The time has come to talk about Pamela Paul, even though lord knows we’d prefer not to. Every week Paul writes another deeply old-fashioned op-ed about gender (read: trans people) and every week, I try my best to ignore it lest I get agita.
The truth is, of course, you can’t be trans in this country and not have some level of agita on most days and in most environments. We wake up to a deluge of bad news, including evidence of a violent, armed right-wing militia, death threats aimed at a doctor at Boston Children’s Hospital, and plans to forcibly detransition children in certain states. Paul should be the least of our worries. And most of the time, she is, despite her insistence on writing tone-deaf opinion pieces about things that are absolutely none of her business.
But today, she has done the unthinkable. She’s made me angry at Mel Brooks.
In yesterday’s opinion piece, Paul saw fit to praise the (extremely dated) children’s book and album “Free to Be…You and Me” to the skies for what she sees as its enlightened gender politics.
Oh for the days of fluid gender identification, she writes. What’s happened to those halcyon days? Well, they’re gone—and the existence of trans people is to blame.
Now I know what you’re thinking: in what f*cking universe is it accurate to blame trans people for creating a more rigid gender binary? In what world is it appropriate to point out that “accepted science” believes that gender is binary and therefore should not be explored as a spectrum while also making the case for a world of freer cross-gender identification?
The world we’re living in, apparently, as seen by Pamela Paul.
Now none of this is new, and none of this is out of the ordinary. But the fact is, Paul is dragging the late Marlo Thomas into it, as well as my personal hero Mel Brooks, a man who has always understood the radical potential of gender as performance better than most.
In the article, Paul links to a short skit from the 1974 “Free to Be…You and Me” broadcast in which Thomas and Brooks play two identical babies trying to figure out what gender they are. The skit begins with the babies trying to figure out context clues about their gender. It ends with the babies getting their diapers changed and learning the “truth” of their assigned sex.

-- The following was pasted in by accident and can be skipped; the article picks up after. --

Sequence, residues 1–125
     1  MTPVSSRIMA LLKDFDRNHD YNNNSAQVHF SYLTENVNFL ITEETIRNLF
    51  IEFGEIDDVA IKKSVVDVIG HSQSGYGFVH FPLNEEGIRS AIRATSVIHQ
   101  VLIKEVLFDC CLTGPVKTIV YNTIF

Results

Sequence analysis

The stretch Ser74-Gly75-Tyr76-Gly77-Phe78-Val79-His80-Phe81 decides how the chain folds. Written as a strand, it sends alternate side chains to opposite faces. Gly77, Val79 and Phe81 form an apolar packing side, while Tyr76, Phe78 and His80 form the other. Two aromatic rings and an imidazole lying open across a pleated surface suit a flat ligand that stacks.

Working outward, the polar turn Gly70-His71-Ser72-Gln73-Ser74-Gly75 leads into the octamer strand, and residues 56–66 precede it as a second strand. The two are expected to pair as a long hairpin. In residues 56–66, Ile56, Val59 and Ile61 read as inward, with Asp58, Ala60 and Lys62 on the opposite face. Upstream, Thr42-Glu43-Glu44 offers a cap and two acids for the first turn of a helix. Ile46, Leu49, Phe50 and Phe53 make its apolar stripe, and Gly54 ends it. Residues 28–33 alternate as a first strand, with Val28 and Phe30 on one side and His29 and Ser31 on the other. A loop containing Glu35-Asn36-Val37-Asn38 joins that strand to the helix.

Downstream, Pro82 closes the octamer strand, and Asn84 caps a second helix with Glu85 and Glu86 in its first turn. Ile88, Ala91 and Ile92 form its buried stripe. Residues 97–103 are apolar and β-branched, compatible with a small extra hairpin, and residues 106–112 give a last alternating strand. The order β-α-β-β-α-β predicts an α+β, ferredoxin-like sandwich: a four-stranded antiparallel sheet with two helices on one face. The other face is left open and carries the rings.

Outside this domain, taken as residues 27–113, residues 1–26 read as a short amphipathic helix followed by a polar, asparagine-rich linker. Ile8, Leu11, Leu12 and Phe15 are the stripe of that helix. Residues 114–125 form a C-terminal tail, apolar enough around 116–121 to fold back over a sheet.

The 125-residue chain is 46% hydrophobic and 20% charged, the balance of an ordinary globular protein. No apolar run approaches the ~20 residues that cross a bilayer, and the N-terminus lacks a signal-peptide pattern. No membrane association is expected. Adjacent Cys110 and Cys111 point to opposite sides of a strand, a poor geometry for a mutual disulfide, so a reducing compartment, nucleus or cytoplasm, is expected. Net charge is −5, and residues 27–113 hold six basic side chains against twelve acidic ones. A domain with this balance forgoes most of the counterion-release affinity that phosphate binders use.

Paul’s takeaway from the (deliberately absurd) sketch is that you have to first accept your biological sex before trying to define your gender.
“Like other liberated kids, I accepted the reality of biological science that I was a girl,” she writes, “and rejected the fiction of gendered social conventions that as such, I should incline toward pink dresses and Barbies.”
But biological science, as she calls it, has nothing to do with it. Paul, in uplifting the wisdom of “Free To Be…” seems to completely miss the point. We can’t break free of gendered “fictions” unless we dismiss the biological “science” of sex. It’s like saying you can have real reform in this country without abolishing the police and prisons. It’s just the kind of middle-of-the-road liberal fiction that exists to keep people like Paul comfortable as they flirt with a concept of radical change that doesn’t ask anything of them.
In a series of TikToks, user 5hahem describes the tenets of white supremacy in detail. One such tenet is described as the “right to comfort,” and it’s one of the most pervasive and unsettling aspects of the white American mindset.
@5hahem #greenscreen #perfectionism ♬ original sound – 5hahem
It’s this aspect—the presumed right to comfort that we have as white people growing up in a society that prioritizes and privileges our comfort other the needs of others—that I find consistently striking about Paul’s anti-trans writings. Not only does she lean on ideas of “accepted” science and biological “fact” without examining them, she places her comfort as a cis woman above the needs and rights of trans citizens who are fighting our their lives every single day in this country. And like all the other conservative pundits arguing that we’re “pedophiles” and abusers, she uses the “think of the children” tactic to make her outdated points seem more urgent.
But there is nothing urgent, honest, or enlightening about Paul’s consistent desire to paint trans thought as uncomfortably rigid or delusional. She is terrified of us and disgusted by us: it’s just that plain.